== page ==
Risk of bias

The overall quality of included trials was good to moderate, particularly with regards to random sequence generation and allocation concealment. Attrition bias was noted in both sorafenib trials [15, 16] whereby not all randomised patients were included in the intention-to-treat analyses; however, the numbers excluded were small. Outcome reporting bias was identified in two trials [15, 18] where outcomes stated in the protocol/methods were not reported and/or outcomes not predefined in protocol/methods were reported (Supplementary Figures 20 and 21).

Ongoing trials

Nineteen ongoing RCTs were identified, with predicted study completion dates ranging from 2018 to 2028. Of these, three are investigating sorafenib, five midostaurin, five gilteritinib and one quizartinib. All of the sorafenib trials involve patients with newly diagnosed AML. Two (NCT01371981, NCT03164057) are multi-arm and in younger people aged below 29 and 21 years, with an estimated sample size of 1750 and 200, respectively. The third (ACTRN12611001112954) involves patients aged 15–65 years and aims to recruit 99 patients. Three midostaurin trials involve patients with newly diagnosed AML. All involve adults, with one (NCT03092674) aiming to recruit patients older than 60 years. Of the five gilteritinib trials, one is newly diagnosed AML patients aged under 22 years; the remaining are in adult populations, one each in newly diagnosed, at first complete response, post SCT and relapsed and refractory populations. The ongoing quizartinib trial is in adults with newly diagnosed disease. The remaining ongoing trials are investigating: crenolanib (3 trials), ponatinib (1 trial) and nintedanib (1 trial), with estimated sample sizes ranging from 9 to 510 participants (Supplementary Table 1).

Conference abstracts

Eight conference abstracts not related to the trials included in the main part of this review were identified. Six were protocols for ongoing trials. Two conference abstracts gave results, both were small trials. The RADIUS [23] trial randomised 60 patients aged between 18 and 70 years to midostaurin or standard care post SCT. RFS was 89% versus 79%, respectively at 18 months. The SORMAIN [22] trial assessed sorafenib also as maintenance therapy following allogeneic SCT in 83 patients. Median RFS was not reached in the sorafenib group and was 30.9 months in the placebo group, with a 2-year RFS of 85.0% and 53.3%, respectively (HR = 0.39, p = 0.0139, Supplementary Table 2).


The aim of this systematic review was to assess the clinical effectiveness of FLT3 inhibitors, as a class of drugs, in patients with any type of AML. Eight completed RCTs and 19 ongoing trials were identified from the review searches. Three FLT3 inhibitors, sorafenib, lestaurtinib and midostaurin, were first-generation and two, gilteritinib and quizartinib, were second-generation inhibitors. In five trials [15,16,17, 19], patients had a mix of primary, de novo and secondary AML, with FLT3 inhibitors given as part of induction and/or consolidation treatment in three trials [16, 17] plus maintenance up to 12 months in two [15, 19]. Three trials included patients with relapsed/refractory disease [18, 20, 21]. There was a wide age range within the trials with four trials [15, 17, 19] aiming to recruit patients aged 18 to 60 years, one over 60 years [16] and three recruiting patients aged 18 years or older with no upper age limit specified [18, 20, 21]. All but the two sorafenib trials required patients to have a FLT3 mutation [17,18,19,20,21].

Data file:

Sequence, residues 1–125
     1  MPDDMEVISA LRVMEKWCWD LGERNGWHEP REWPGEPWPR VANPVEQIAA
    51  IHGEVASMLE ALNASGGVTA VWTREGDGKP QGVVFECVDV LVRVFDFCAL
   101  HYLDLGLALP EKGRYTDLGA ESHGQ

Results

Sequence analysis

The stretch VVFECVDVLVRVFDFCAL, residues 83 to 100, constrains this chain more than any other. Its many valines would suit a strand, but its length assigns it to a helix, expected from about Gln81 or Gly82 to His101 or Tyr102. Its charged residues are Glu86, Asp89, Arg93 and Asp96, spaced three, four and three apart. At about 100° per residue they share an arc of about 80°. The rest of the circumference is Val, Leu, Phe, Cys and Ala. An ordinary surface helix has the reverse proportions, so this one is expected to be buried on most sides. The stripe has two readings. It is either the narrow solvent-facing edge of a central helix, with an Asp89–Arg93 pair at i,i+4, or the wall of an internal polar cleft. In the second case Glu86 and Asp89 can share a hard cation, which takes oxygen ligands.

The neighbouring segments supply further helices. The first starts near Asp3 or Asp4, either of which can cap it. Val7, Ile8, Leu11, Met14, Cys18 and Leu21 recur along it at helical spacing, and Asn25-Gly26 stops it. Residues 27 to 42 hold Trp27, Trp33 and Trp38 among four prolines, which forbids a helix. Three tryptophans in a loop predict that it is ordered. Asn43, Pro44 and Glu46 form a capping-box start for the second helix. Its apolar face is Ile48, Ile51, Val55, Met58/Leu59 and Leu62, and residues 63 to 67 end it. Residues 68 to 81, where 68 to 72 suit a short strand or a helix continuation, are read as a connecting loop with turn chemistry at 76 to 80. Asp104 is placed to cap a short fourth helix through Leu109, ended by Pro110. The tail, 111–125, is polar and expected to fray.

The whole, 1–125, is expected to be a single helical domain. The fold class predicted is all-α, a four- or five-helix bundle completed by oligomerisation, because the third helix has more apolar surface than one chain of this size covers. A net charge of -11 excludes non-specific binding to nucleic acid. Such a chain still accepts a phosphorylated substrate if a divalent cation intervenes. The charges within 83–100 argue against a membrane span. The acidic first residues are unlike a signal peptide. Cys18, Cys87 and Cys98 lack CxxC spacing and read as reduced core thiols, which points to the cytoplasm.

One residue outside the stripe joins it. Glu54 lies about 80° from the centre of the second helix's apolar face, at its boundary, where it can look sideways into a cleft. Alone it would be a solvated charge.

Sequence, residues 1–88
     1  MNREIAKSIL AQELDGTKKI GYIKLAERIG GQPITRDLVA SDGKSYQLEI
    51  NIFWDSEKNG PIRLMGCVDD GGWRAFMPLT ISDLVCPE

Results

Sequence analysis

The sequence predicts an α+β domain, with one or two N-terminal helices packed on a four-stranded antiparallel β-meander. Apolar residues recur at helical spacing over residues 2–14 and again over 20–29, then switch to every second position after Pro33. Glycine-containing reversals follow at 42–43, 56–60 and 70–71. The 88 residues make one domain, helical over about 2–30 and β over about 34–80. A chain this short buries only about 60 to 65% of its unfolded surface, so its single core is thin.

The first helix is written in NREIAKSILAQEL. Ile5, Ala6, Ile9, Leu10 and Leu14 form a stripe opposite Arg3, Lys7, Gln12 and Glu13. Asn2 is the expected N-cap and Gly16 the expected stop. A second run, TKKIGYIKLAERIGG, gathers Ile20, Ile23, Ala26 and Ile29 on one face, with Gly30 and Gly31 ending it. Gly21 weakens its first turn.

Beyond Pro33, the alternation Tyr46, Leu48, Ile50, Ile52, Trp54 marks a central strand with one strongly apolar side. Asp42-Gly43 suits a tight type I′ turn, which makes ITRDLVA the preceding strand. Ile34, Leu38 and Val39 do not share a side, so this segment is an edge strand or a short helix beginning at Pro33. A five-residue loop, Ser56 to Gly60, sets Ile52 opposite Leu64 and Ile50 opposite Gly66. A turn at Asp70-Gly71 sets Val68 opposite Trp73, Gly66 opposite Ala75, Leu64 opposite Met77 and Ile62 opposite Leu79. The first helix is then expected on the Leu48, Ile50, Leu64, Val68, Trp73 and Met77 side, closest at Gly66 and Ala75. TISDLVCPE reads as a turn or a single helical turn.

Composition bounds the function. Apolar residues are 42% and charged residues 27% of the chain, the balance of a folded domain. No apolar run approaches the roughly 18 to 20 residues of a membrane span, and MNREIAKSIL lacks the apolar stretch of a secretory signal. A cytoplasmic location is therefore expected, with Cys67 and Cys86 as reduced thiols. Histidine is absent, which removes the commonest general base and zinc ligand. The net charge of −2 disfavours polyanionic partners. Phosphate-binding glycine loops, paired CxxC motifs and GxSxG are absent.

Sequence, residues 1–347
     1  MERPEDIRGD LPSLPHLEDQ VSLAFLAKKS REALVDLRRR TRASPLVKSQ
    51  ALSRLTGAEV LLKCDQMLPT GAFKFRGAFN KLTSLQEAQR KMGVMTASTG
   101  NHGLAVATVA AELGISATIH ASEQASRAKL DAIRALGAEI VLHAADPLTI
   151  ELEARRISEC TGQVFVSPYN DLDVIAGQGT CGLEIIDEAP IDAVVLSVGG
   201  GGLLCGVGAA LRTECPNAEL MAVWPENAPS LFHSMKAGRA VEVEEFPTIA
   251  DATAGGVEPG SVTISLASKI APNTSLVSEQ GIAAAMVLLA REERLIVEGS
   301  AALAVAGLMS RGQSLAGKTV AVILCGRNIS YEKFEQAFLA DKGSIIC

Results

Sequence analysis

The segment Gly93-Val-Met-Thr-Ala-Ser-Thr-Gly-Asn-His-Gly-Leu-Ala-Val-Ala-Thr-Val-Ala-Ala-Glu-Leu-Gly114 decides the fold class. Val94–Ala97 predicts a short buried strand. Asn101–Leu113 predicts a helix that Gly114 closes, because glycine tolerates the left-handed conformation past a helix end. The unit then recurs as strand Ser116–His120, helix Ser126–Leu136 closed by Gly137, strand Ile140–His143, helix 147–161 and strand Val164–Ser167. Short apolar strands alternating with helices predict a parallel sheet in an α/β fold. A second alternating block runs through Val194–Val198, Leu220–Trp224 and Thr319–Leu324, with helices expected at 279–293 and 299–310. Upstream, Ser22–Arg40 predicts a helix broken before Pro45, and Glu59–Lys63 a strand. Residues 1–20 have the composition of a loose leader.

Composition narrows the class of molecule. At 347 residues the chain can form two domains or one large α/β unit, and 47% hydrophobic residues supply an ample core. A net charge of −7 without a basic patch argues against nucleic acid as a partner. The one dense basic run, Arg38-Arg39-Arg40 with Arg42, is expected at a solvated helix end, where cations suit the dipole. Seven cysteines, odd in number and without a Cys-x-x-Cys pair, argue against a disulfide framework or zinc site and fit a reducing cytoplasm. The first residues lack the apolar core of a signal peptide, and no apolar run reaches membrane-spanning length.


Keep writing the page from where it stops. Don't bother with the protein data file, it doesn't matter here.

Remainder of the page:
The pooled HR for OS for all eight trials in the uncensored population showed a 17% benefit in survival, which was statistically significant [15,16,17,18,19,20,21]. A moderate level of heterogeneity was observed, which was explored using subgroup analysis. For type of FLT3 inhibitor, subgroup analysis indicated a slight difference of effect between inhibitors, with χ2 at 8.68 (p = 0.07) and I2 at 53.9%. Whilst all of the FLT3 inhibitors showed benefit as demonstrated by their subgroup point estimates, HRs for sorafenib and lestaurtinib were not statistically significant [15,16,17,18]. Interestingly, when censored data was pooled, whilst OS remained statistically significant, the sorafenib subgroup pooled estimate favoured control and of those favouring FLT3 only, gilteritinib remained statistically significant. This could be due to a clinical effect with SCT enhancing the survival benefit of FLT3 inhibitors whether in synergy or as an additional therapy, or it could be due to a statistical anomaly due to loss of power in the censored analysis. Subgroup analyses comparing disease stage—newly diagnosed or secondary AML versus relapsed or refractory disease—found no difference between subgroups, with both showing a benefit in favour of FLT3. However, there was substantial heterogeneity within the relapsed and refractory group (I2 = 74%), with lestaurtinib showing no benefit. With four ongoing trials in patients with relapsed disease, more data may establish if there is a benefit in relapsed/refractory patients. For subgroup analyses investigating age, a favourable HR for FLT3 inhibitors was demonstrated for patients younger than 60 years (HR = 0.83, 95% CI 0.72 to 0.97) and also in the group with the very wide age range from 18 years to unspecified (HR = 0.80, 95% CI 0.69 to 0.93). In the trial which excluded patients under 60 years, a non-significant difference in favour of control was observed (HR = 1.03, 95% CI 0.73 to 1.45). The test for subgroup differences did not indicate a subgroup difference, but heterogeneity was substantial in the 18 years to unspecified group suggesting that age may have a role in the effectiveness of FLT3 inhibitors as this grouping included patients in their eighties. Just one ongoing trial (NCT03092674; suspended June 2020) is specifically aimed at patients over 60 years, so there is a need to define and consider age in future trials.